IELTS is one of the most prestigious English language tests in the world for non-native speakers. Designed to provide the takers with essential writing, speaking, listening and reading skills, it is an outstanding means through which one can prove his/her level of English. More importantly, it is a tool that alongside perfecting communication proficiency also helps with immigration to an English speaking country – an advantage hard to ignore. This article focuses mainly on two key areas of the test – writing and speaking.
The IELTS test is separated into two types – IELTS Academic and IELTS General Training, which correspond to preparation for a university programme or a professional English-speaking organization in the first case or working/ emigrating to an English speaking country for the latter.
The writing section consists of two tasks – Task 1 and Task 2, with 20 and 40 minutes allotted to each, amounting to a total of 60 minutes. IELTS Academic asks you to write about a chart, diagram, graph or table, explaining, summarizing or discussing it in your personal style, whereas the second task consists of writing an essay as an answer to a question or point of view. It is highly recommendable to write your responses in a serious, formal style. IELTS General Training will instruct you for the first task to either explain a certain situation or write a letter, while for Task 2 an essay will be given. Here, the style is more relaxed, as takers are allowed to write in a semi-formal style. However, it is advisable to keep a certain level of formality, in order not to fall in the other direction – informality, which is undesirable, as it will cost you valuable points in the assessment stage.
– Don’t come unprepared to this major test – The British Council and various web sites offer free tests or test samples. Take advantage of those and practice as much as you can!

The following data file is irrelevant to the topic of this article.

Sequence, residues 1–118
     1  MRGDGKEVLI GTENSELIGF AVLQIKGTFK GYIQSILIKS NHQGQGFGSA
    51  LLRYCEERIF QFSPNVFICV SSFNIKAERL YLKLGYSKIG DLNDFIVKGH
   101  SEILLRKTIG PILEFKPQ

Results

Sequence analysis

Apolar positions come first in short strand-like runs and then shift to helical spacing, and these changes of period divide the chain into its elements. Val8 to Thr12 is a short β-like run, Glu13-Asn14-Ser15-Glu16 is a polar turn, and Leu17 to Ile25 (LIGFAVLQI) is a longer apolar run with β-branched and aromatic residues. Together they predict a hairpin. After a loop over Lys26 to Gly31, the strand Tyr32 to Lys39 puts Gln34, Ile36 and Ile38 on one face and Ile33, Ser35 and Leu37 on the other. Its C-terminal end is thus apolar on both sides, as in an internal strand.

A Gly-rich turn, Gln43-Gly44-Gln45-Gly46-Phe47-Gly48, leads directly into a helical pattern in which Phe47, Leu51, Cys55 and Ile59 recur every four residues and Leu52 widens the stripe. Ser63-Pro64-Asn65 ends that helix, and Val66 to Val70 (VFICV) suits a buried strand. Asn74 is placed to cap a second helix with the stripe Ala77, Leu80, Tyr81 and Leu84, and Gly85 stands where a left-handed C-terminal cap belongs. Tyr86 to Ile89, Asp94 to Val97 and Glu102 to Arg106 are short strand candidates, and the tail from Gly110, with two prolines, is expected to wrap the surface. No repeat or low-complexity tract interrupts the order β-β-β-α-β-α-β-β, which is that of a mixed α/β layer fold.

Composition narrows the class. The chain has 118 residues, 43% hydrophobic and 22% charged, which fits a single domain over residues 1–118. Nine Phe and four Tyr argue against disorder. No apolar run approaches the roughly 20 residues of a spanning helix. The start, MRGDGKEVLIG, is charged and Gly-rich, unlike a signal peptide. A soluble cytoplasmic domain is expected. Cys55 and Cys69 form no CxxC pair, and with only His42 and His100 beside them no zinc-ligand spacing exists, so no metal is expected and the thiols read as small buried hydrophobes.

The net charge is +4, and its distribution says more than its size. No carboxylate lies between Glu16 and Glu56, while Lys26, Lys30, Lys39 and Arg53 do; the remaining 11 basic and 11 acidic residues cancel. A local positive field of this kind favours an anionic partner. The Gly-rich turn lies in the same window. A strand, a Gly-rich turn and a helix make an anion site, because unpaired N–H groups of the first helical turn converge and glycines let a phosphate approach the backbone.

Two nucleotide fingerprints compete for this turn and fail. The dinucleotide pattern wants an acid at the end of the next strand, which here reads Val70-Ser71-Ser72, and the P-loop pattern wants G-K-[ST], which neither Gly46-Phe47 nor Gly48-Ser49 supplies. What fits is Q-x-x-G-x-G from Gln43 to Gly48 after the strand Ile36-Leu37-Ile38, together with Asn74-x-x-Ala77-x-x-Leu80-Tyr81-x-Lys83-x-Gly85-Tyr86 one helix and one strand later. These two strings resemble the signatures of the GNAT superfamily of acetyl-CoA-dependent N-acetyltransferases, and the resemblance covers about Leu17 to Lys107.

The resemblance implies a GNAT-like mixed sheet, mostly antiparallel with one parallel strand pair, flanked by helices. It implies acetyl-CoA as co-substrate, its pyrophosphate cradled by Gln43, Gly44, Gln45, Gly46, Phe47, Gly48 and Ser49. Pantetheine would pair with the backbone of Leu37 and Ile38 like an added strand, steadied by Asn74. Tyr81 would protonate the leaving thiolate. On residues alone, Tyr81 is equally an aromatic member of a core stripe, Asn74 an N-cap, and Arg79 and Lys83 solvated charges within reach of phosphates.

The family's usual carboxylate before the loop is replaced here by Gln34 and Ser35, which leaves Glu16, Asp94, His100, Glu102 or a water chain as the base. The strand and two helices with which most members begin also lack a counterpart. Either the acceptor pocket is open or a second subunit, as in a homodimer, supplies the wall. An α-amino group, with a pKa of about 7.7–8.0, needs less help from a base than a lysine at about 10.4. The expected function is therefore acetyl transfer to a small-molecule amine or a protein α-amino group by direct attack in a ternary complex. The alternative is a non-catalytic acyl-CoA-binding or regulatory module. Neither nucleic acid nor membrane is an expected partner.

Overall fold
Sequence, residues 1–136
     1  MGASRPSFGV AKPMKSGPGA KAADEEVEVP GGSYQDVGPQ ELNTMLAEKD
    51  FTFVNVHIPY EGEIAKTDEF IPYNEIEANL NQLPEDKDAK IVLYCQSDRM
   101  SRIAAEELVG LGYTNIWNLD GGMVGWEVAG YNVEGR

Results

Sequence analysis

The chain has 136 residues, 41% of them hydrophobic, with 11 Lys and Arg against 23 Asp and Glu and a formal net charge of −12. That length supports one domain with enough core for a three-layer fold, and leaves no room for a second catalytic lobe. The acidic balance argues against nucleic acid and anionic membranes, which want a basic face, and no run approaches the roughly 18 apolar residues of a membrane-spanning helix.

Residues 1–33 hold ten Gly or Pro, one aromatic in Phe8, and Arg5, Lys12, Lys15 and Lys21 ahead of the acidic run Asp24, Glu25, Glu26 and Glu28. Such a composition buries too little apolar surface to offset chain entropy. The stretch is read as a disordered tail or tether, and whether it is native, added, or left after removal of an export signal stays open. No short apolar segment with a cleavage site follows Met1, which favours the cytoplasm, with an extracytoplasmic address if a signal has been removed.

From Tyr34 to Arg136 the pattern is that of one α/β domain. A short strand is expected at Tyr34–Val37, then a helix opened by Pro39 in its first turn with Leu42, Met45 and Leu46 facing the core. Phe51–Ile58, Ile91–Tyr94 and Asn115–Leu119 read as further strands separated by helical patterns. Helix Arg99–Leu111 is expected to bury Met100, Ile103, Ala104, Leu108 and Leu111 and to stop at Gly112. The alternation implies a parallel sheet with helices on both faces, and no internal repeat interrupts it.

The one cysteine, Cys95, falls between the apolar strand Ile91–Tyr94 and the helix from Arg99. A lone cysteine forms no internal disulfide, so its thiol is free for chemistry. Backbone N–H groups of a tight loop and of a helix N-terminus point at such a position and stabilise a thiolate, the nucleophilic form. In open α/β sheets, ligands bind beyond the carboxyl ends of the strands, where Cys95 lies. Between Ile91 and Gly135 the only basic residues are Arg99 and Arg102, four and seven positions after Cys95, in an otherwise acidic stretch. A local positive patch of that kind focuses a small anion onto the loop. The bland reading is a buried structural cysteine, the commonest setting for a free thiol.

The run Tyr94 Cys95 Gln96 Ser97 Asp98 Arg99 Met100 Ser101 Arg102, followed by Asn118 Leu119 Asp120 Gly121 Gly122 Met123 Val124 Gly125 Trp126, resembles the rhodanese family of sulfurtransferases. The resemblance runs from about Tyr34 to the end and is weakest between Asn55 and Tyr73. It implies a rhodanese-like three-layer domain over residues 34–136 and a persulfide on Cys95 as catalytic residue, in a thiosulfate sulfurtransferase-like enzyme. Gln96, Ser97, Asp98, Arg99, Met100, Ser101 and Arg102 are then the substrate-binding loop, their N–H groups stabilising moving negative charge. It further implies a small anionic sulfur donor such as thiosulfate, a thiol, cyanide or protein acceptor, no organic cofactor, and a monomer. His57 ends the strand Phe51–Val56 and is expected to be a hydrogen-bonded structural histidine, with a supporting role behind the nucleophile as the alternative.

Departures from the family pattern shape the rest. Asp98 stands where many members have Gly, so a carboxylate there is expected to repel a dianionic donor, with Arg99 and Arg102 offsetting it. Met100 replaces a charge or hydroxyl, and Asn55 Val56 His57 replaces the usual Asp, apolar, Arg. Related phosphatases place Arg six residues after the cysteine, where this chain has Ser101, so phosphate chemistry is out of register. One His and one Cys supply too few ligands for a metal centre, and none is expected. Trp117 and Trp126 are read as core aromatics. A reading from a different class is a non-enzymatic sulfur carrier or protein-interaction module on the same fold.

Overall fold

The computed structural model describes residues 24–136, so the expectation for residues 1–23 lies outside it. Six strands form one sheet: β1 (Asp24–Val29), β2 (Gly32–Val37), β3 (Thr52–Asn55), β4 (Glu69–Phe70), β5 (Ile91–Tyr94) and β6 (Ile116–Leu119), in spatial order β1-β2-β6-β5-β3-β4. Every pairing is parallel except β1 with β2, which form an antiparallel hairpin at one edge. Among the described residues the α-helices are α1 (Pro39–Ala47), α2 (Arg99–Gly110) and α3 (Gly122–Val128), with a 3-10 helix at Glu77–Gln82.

– Learn to manage your time! A vital component that will help you enormously is time management. Practice; see how much it takes for you to complete the given tasks and schedule your answers in such a way that they correspond to the time requirements. This way, during the test, you will have no problems solving the tasks and will be less pressured by the time limit.
– Use clear formatted paragraphs; do not repeat your ideas and make sure you pay attention to the spelling, punctuation and grammar – you will be penalized for your errors!
– Do not forget about the word count! Make sure you write at least 150 words for Task 1 and 250 for task 2! A simple, effective tip for getting an approximate word count is writing around 10 words per line. This way, you won’t have to count all the individual words to make sure you fulfilled the requirement. You just need to count the lines – around 15 or 25, depending on the task number and you’re on the right track!
– At the end, read your production once again to check for errors and make sure you have used the proper, formal style of writing. This way, you will have an advantage over others who disregard this advice. Remember, every point matters!
The Speaking section consists of a discussion with an examiner, split into three parts, lasting a total of 11 to 15 minutes. The first part (3 to 5 minutes) is an introduction/interview – here you may be asked to speak about your home, studies, family, job or your hobbies. Part 2 (3-4 minutes) is called the Individual Long Turn. The examiner will offer you a card with a certain subject – a person, object or event and you will have 1 minute to prepare and 2-3 minutes to answer, during which you will only be observed. After you deliver your answer, some questions may follow. The Two-way discussion is the third and final part, lasting about 4-5 minutes, where you will be asked about something related to the topic on the card presented to you in Part 2.
– Make sure you prepare beforehand for Part 1, as a solid introduction may be favorable in your interviewer’s eyes. It is also a sign of confidence and self control, so do not neglect it!
– Practice your fluency with a friend. This and the coherence of your ideas will weigh heavily in the assessment stage.
– Read and improve your range of vocabulary. The more diverse and rich it it, the better are your chances of acing the test!
– Ask a friend to listen to your pronunciation. Is it clear and natural? Make sure you don’t over emphasize sounds and focus on the correct and recommended pronunciation. If needed, take a dictionary and look how the word in question is written phonetically.
– Learn to relax and have a confident attitude. Do not prepare answers from home; your examiner might notice and modify the question.
– Try to speak more that the interviewer does and present your answers in a clear structure, without going astray from the topic.
If you follow the above given tips and practice as hard as you can, the results will show. Be confident, give all you’ve got and in no time, you will be holding a IELTS high bands score card in your hands!